Sealed Professional Engineering: Helping Creative Companies Innovate

When building officials reject an engineer’s seal instead of following the code compliance process for alternative materials, products, designs, building system designs and methods of construction, they exceed the authority given to them by the building code and they also constrain trade. This has serious implications for any industry.

A statement that is regularly heard in the marketplace with regard to innovative alternative materials and designs is, “you need to have an ICC report,” in order to incorporate it into a building. For more than 50 years, a sealed truss design drawing (TDD) has been, for all intents and purposes, an "ICC report," for truss use in buildings. This approach has also been used for creating markets for a wide variety of engineered components. The market has accepted this as being the case, and it works well when professional building officials provide astute and valuable written checks and balances.

The good thing about the component framing industry is that there is often a professional engineer involved in the design of structural components. Those engineers are independent, serve under professional engineering law and take professional responsibility by signing and sealing their work. They generally have professional liability insurance. When there is an engineer’s seal on a document, any company using that document has visible assurance that an engineer takes professional responsibility for the work to which the seal is attached and will react professionally as in working with building officials to provide structures that are safe and durable.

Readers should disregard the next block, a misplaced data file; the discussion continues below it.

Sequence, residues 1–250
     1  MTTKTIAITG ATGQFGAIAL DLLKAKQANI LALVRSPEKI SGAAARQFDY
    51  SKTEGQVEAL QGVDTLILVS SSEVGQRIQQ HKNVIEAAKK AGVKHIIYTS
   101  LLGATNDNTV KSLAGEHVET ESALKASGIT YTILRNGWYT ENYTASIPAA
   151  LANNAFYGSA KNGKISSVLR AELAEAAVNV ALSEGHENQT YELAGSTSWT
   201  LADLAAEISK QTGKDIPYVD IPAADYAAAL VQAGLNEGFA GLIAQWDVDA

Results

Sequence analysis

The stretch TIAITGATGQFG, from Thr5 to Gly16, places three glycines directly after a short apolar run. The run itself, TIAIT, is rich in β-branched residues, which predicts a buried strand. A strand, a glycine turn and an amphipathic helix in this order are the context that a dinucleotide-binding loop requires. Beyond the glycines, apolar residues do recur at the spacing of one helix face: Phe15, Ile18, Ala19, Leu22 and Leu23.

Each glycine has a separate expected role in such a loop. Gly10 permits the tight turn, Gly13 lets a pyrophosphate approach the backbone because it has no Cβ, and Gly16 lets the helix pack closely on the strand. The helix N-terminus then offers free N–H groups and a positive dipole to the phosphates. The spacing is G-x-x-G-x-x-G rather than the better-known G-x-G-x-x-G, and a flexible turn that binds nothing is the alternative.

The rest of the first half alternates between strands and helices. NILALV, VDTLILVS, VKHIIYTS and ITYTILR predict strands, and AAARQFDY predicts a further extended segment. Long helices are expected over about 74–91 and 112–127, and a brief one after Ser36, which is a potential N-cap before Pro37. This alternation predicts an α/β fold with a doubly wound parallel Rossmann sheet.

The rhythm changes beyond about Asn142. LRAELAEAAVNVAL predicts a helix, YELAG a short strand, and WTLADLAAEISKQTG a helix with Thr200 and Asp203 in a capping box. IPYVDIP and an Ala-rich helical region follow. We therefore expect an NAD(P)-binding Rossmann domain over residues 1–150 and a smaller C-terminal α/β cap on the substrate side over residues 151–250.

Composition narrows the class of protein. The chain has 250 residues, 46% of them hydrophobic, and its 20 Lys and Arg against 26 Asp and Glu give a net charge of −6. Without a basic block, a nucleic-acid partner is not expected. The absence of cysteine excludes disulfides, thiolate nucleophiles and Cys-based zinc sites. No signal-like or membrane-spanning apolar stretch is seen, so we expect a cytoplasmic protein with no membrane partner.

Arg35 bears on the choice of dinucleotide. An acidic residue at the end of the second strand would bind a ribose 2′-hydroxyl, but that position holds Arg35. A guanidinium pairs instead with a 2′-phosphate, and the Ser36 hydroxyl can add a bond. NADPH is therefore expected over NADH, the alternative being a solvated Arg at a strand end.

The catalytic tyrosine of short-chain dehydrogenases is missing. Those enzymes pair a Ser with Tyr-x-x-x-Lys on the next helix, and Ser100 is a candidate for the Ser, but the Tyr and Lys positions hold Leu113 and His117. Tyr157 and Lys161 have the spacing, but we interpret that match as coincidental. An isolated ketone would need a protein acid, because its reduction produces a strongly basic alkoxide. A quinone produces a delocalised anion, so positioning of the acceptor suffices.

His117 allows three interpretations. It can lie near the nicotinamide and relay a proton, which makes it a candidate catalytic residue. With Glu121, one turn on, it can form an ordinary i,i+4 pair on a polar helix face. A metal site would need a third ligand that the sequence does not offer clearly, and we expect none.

The structural framing and components  industry has been involved in professional engineering as it relates to innovative and alternative materials, products, designs, building system designs, methods of construction and related construction documents since its inception in 1952. The process typically goes as follows: